CTIBIOTECH Is Working On A New 3D Bioprinting Platform To Treat Colon Cancer

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CTIBIOTECH, a regenerative medicine company, has developed a revolutionary 3D bioprinting technology for patients with colorectal cancer to offer individualized treatment.

The platform,

which was created in collaboration with the Medical University of Plovdiv and the UMHAT-Euro hospital in Bulgaria can be used to create

cost-effective and repeatable human colon cancer disease models as well as chemotherapeutic screening.

Professor Colin McGuckin, President and CSO of CTIBIOTECH, stated, “Advancement of cancer therapeutics requires new human models for drug testing.” “For the first time, our 3D models offer patients with precise long-term testing plans.”

Bioprinting methods developed by CTIBIOTECH

One of CTIBIOTECH’s

the main goal is to reduce

medication development costs and time by

creating 3D bioprinted

human cancer models

that can be

used to determine

the most effective treatment for individual patients. The company has been developing 3D bioprinting technologies in-house for the past seven years to increase its 3D tissue engineering capabilities for skin research.

CTIBIOTECH previously collaborated with BASF’s Care Creations subsidiary on research into 3D tissue models of human skin glands, and as a result of that collaboration, the company began developing a 3D bioprinter capable of organizing sebaceous (skin) micro-glands into a dermatological model.
In the past, the company has collaborated with CELLINK,

a Swedish 3D bioprinter manufacturer, to research new cancer medicines. The company used CELLINK’s machines to construct tumorous tissue models in the lab, with the hope of lowering the pre-clinical drug screening’s 40 per cent attrition rate.

As part of the NOVOPLASM project,

CTIBIOTECH just become the first company in the world to 3D print fully immunized human skin.

Hundreds of skin models

are being donated

to the research for the consortium

to test its cold plasma wound healing technology on infected burns and skin grafts.

Treatments for colon cancer are being developed.

Colon cancer is the third most

common cancer in the world,

with more than 1.8 million new cases diagnosed each year.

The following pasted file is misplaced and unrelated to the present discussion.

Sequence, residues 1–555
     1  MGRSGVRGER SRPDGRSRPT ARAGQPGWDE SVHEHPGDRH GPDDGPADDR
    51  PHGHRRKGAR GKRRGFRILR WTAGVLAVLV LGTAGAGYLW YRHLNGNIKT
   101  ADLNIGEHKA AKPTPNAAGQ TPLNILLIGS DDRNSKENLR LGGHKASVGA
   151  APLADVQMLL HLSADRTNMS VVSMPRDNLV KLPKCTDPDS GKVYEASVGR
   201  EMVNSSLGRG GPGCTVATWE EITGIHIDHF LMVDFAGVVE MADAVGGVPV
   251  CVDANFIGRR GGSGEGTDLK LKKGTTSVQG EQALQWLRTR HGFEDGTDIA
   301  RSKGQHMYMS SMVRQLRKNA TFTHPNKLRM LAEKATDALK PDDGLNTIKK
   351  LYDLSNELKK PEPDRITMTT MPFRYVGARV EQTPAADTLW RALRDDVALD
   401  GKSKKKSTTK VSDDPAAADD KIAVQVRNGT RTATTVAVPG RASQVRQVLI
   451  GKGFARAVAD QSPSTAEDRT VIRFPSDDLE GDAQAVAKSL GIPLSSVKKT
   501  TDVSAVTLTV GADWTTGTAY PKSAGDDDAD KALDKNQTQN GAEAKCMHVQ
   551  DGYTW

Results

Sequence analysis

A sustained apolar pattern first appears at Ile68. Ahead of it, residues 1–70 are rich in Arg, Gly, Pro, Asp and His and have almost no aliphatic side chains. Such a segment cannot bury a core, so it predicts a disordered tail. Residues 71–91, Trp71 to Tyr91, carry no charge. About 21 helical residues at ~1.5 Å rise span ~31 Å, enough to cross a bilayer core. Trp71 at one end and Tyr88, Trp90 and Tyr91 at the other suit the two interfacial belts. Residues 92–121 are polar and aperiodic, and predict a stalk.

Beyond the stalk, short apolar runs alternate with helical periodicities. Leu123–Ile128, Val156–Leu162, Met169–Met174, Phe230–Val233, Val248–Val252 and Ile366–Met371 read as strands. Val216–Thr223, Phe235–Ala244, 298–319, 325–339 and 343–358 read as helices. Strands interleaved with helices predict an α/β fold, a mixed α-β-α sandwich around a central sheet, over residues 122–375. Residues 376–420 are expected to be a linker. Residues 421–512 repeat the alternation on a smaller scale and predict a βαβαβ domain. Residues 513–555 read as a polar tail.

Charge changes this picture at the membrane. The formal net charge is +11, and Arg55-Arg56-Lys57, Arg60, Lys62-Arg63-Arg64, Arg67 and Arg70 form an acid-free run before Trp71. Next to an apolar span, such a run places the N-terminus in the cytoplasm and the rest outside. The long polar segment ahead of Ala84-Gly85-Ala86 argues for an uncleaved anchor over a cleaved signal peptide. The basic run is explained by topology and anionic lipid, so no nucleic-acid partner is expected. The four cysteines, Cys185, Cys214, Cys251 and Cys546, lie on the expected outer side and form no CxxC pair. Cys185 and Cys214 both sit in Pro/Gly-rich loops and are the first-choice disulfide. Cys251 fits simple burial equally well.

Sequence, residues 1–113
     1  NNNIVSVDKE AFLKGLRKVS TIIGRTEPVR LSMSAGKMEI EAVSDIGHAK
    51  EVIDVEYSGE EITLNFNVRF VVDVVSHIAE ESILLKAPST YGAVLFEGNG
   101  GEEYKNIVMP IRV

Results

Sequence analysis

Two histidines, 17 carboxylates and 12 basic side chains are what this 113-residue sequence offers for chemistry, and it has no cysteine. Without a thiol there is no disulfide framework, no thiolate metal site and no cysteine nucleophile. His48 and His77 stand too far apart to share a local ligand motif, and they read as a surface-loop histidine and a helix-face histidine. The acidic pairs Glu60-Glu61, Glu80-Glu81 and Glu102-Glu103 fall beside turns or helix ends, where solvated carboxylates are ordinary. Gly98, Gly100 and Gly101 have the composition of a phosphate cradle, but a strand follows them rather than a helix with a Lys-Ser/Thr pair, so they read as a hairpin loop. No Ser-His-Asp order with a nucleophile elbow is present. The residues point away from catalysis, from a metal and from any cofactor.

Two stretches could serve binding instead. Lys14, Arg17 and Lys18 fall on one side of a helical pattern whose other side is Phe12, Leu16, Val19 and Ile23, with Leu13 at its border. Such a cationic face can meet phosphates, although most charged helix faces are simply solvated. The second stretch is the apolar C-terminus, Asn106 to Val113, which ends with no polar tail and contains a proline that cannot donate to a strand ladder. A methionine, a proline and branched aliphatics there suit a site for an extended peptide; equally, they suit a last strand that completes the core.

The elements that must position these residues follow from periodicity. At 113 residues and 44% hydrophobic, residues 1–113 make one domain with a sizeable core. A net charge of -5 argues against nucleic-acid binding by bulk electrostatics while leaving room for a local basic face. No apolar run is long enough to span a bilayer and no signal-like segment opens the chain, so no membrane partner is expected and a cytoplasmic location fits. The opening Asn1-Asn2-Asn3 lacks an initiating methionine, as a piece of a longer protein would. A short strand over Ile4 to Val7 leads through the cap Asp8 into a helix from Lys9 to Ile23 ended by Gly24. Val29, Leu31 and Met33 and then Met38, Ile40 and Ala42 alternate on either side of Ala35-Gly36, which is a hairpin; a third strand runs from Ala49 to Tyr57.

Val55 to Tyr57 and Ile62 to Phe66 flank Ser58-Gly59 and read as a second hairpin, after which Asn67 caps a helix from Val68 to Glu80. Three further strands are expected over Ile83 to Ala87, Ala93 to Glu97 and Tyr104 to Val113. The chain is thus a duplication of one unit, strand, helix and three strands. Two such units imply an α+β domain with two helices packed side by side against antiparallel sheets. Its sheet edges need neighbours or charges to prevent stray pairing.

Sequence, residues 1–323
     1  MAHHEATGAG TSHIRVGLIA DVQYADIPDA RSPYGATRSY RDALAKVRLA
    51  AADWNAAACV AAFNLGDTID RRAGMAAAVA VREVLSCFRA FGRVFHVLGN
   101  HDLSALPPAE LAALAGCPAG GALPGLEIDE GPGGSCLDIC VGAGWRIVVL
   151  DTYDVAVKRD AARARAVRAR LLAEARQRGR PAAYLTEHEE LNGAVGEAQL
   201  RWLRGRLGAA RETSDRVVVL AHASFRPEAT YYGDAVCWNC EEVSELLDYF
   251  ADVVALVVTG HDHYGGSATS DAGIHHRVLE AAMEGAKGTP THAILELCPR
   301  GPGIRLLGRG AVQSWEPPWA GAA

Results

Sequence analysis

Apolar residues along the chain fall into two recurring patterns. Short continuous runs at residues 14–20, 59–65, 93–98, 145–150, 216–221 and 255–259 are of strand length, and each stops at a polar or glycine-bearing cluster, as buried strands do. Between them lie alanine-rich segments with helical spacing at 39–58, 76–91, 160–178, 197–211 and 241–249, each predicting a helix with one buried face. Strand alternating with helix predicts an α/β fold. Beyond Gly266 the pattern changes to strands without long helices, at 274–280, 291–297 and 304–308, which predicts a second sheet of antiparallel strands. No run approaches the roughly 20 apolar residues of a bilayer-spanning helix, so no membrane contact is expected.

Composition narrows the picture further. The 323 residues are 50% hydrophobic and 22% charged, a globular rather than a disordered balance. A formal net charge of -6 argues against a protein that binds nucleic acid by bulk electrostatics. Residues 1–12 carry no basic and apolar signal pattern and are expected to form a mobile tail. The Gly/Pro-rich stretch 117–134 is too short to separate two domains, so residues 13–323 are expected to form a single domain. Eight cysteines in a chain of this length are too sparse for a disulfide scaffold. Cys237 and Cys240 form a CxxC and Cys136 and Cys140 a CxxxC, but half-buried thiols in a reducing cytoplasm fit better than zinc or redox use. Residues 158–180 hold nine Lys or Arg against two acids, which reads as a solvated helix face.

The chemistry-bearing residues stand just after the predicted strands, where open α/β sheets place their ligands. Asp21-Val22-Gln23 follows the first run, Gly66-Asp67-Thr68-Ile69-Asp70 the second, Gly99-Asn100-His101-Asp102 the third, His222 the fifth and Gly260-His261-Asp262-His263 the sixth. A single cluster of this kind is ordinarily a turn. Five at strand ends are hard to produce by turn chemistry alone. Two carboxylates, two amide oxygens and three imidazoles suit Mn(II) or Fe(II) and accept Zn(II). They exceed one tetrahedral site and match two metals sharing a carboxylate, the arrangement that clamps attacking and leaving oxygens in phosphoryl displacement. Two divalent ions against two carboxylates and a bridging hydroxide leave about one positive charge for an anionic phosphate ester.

The World Health Organization (WHO)

estimates that up to 12 million people would die from colon cancer by 2030,

with poor prognoses for those with late stages of the disease.

According to a new study conducted by CTIBIOTECH, the Medical University of Plovdiv,

and the UMHAT-Euro hospital, due to significant false-positive and false-negative rates

in preclinical and clinical drug testing data, just 0.1 per cent of all medications make it from the lab to the hospital bedside.


During the research,

the researchers created 3D bioprinted “glandular-like” colon cancer tumours that had similar morphologies to the tumours of patients.

The researchers used CTIBIOTECH’s CTIBioTumour bioprinting technology to reliably identify colorectal cancer biomarkers and mimic resistance to standard-of-care chemotherapeutics.


According to the company,

its technology can cut the time

it takes to develop new pharmaceuticals by three years, while preclinical testing

time might be cut

from six years to two to three years.

The CTIBioTumour platform could also cut drug development

costs by 20%, saving up to €520 million for every medicine developed, according to reports.

The business hopes that its bioprinting platform can aid in

the evaluation of drug candidate’s safety and efficacy,

as well as the implementation of customized medicine platforms to better predict a patient’s

reaction to various cancer treatments.

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